Polemical Structures: Enthusiasm, Delay, and the Frustration of Bureaucracy June 21, 2010Posted by Will Thomas in 20th-Century-Science Historiography, British Science-Society Critiques.
Tags: Arthur Compton, Benjamin Silliman Jr., C. P. Snow, Edward Teller, Ernest Lawrence, Frederick Lindemann, Henry Tizard, Josiah Whitney, Leo Szilard, Lyman Briggs, Marcus Oliphant, Margaret Gowing, Merle Tuve, Paul Lucier, Richard Rhodes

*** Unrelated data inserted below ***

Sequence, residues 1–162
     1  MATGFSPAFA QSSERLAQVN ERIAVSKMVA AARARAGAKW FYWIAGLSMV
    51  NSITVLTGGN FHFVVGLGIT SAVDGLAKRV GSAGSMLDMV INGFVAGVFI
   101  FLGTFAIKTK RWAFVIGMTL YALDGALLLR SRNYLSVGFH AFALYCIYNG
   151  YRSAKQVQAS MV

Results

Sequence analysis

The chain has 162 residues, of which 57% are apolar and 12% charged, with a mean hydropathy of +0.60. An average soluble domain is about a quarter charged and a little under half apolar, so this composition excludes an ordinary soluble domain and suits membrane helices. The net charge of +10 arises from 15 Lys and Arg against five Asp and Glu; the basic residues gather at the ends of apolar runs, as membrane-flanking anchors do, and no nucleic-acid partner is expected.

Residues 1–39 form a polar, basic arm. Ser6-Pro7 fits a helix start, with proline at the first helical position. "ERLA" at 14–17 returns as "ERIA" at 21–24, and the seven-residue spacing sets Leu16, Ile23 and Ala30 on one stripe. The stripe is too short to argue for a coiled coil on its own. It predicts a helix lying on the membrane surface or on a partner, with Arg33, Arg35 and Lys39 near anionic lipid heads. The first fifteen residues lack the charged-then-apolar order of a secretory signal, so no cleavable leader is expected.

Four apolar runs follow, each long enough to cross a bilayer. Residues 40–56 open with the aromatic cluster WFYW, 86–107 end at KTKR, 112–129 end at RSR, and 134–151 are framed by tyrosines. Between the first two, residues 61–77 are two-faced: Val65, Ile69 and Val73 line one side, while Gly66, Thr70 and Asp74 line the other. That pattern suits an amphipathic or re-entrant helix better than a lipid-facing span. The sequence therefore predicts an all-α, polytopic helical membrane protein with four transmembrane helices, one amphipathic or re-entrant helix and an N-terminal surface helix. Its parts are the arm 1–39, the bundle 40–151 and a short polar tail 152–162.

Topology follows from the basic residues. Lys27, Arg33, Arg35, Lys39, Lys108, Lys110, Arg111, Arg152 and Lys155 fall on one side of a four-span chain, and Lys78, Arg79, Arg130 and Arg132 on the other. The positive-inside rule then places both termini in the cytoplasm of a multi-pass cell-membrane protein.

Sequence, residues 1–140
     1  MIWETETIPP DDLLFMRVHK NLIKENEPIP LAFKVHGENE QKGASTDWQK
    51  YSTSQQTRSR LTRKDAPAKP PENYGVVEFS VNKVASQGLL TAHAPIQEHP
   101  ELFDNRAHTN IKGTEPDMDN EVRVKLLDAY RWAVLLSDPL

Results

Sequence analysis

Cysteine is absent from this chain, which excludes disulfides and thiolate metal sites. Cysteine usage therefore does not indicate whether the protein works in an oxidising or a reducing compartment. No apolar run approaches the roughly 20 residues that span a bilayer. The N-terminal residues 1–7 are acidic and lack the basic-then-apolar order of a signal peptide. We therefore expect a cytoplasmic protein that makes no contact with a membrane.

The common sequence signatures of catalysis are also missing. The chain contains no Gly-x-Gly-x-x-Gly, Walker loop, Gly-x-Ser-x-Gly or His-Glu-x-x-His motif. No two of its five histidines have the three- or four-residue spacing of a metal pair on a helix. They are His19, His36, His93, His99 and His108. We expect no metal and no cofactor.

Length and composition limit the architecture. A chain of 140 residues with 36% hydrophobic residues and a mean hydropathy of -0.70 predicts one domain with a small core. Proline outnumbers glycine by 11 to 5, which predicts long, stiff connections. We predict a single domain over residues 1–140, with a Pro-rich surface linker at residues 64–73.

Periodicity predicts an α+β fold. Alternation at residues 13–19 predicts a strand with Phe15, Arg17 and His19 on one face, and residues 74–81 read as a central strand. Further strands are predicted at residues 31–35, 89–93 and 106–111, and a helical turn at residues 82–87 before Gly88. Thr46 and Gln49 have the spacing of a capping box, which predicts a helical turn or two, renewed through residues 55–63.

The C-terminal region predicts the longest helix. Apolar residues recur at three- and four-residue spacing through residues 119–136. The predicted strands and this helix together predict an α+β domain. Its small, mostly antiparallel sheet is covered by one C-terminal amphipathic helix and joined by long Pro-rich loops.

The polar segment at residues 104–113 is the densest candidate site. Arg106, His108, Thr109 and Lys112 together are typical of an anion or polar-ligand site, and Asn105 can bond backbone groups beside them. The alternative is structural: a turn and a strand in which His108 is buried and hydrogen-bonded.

In Paul Lucier’s article on science and the professions in 19th-century America, one point relating to the California oil controversy caught my eye. In discussing the controversy’s historiography, Lucier observed that one interpretation “popular among business historians and modern scientists” seemed to support a “delay” thesis. Since chemistry professor Benjamin Silliman, Jr., working on a sizable capitalist contract, was ultimately proven correct that oil would be discovered in California, his science was “vindicated”. Meanwhile, Josiah Whitney, who criticized Silliman “with all the power of a government position behind him” had his “vindictiveness” revealed. As Lucier explains, Whitney’s attitude could thus be taken to explain “why California, with its rich oil fields, did not take off sooner.”